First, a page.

The Lawyers’ Committee for Civil Rights Under Law promotes redistricting education and advocacy through webinars, forums and workshops with partners and participating organizations in several states. Our goal is to empower communities to participate in the redistricting process by drawing and evaluating redistricting plans, and presenting plans and public comment at redistricting hearings.
The Participatory Redistricting Project:
The 2020 Participatory Redistricting Project (PRP) involves a partnership with the Lawyers’ Committee for Civil Rights Under Law, the National Conference of Black Political Scientists (NCOBPS) and participating colleges and universities. It is designed to provide students with the skills to advocate for community engagement in the legislative redistricting process and next round of reapportionment.
PRP trains students, professors, and community partners as redistricting experts, assists them in drawing redistricting plans of their federal, state and local jurisdictions, prepares them to present prospective plans/maps and evaluate proposed or adopted plans at redistricting hearings, and gives them the necessary tools to advocate for fair redistricting.
- If you encountered problems filling out the 2020 Census, please fill out this form.
- If you are aware of an action (or lack of action) taken by the federal government that would impact the accuracy of the Census count, we want to hear about it. Please fill out this form.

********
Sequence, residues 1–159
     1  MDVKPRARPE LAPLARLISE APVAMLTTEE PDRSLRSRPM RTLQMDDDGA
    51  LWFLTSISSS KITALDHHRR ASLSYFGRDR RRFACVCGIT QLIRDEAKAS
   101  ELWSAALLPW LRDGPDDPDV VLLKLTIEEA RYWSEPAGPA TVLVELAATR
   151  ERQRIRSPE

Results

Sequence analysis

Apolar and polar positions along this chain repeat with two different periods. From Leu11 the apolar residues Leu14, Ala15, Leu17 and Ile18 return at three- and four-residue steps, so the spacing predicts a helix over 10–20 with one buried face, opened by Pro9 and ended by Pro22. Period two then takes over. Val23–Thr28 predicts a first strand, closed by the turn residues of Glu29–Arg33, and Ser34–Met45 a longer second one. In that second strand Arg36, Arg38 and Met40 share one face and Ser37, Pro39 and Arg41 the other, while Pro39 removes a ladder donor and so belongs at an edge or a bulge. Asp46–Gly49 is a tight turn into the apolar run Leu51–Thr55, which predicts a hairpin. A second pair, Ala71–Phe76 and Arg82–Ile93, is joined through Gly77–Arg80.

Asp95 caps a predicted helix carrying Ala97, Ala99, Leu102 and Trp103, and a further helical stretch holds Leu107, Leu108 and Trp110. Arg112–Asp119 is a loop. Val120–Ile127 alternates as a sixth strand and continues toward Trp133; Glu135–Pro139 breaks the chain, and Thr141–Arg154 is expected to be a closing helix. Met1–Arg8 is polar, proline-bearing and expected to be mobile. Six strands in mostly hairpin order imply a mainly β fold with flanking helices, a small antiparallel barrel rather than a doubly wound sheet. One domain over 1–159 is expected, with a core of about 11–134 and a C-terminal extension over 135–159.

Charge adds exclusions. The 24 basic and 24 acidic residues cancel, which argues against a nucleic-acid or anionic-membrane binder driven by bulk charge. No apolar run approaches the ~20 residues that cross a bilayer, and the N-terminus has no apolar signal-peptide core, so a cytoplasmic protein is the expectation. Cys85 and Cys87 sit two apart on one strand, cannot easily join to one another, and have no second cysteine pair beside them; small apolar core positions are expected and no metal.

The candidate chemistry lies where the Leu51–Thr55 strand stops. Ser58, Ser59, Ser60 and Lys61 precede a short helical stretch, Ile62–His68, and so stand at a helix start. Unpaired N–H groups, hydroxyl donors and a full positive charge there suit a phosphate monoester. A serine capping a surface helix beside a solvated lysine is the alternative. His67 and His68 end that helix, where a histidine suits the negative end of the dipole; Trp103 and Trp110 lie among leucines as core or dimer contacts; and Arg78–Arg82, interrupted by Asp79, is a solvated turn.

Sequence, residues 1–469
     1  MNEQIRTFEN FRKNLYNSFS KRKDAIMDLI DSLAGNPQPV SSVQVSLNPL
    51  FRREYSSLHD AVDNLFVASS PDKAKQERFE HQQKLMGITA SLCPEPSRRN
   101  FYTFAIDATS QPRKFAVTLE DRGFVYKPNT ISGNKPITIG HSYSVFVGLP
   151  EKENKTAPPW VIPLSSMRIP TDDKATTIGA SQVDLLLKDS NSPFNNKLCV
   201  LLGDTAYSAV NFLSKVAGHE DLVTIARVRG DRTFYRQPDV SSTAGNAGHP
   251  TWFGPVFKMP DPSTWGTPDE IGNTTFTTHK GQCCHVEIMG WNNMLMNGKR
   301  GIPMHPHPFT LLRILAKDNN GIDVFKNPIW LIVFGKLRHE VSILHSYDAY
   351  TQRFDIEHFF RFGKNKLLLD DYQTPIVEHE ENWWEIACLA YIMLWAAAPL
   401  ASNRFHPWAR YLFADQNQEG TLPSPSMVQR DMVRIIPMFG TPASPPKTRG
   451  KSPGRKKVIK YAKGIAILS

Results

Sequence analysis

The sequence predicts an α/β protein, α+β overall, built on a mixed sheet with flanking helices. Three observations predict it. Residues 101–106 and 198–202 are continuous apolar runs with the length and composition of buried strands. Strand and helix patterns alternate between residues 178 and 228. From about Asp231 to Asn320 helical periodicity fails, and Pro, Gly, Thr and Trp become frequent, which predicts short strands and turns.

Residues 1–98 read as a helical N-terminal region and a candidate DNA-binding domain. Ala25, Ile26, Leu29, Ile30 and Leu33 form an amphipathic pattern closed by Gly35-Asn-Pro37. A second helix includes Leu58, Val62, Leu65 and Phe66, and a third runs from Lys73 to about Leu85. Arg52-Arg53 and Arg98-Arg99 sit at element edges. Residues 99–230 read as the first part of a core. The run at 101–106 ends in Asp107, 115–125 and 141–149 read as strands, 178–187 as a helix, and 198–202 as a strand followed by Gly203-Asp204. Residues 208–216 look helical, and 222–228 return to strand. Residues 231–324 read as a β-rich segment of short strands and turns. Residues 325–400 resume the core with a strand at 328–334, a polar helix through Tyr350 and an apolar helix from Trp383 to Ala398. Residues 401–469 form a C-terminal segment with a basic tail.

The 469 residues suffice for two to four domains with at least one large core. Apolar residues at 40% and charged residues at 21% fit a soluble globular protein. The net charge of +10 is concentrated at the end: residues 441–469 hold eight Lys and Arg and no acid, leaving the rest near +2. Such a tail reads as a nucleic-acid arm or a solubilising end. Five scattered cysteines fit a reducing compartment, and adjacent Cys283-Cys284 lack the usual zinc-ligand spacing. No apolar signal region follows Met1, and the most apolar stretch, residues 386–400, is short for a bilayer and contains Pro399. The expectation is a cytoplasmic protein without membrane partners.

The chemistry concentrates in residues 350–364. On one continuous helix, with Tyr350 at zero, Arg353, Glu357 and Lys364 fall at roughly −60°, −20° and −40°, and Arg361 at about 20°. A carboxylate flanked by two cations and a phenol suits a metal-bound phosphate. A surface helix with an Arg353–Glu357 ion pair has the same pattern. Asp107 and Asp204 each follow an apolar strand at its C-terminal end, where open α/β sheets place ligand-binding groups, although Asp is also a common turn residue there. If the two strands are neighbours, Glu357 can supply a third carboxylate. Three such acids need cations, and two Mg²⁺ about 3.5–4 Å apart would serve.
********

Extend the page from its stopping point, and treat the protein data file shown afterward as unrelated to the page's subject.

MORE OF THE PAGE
- Blog: Census 2020 – Differential Privacy and What You Need to Know
- What You Need to Know About the Apportionment & Resident Population Counts
- View the redistricting timeline alert map.
- View the redistricting principles.
- Additional data and tools are available through the Redistricting Data Hub and the Princeton Gerrymandering Project.
- The Districtr, DRA2020, or All About Redistricting websites, which allow you to draw your own electoral map.
- Op-ed: You voted, now draw your election districts
The Census Case
2020 Census Citizenship Question
On July 21, 2020, former President Trump issued an executive memorandum stating that undocumented immigrants would not be treated as persons under the Constitution, and would be excluded from the decennial Census count used to apportion congressional seats in each state for the first time in the history of the United States. Groups across the country, including the Lawyers’ Committee for Civil Rights Under Law, immediately filed lawsuits to challenge the executive memorandum, arguing it contradicted centuries of practice, and clearly violated the Census Act, the Enumeration Clause, and the Fifth and Fourteenth Amendments of the United States Constitution.
A three-judge panel of federal court judges in California issued a ruling, stating the executive memorandum violated the Census Act. The case was ultimately voluntarily dismissed, because the Census Bureau did not deliver the 2020 census result to former President Trump before his term ended, and President Joe Biden rescinded the executive memorandum during his first day in office.
The allocation of nearly $800 billion annually for federal programs and services
- An accurate count is needed for resources like education programs, job training, transportation improvements, and a host of other needed services in our communities;
The number of representatives for each state in the U.S. House of Representatives (reapportionment), and affects how districts are drawn (redistricting)
- An inaccurate count will result in flawed data used to draw election districts for your federal & state elected officials as well as your county commissions, city councils, and school boards.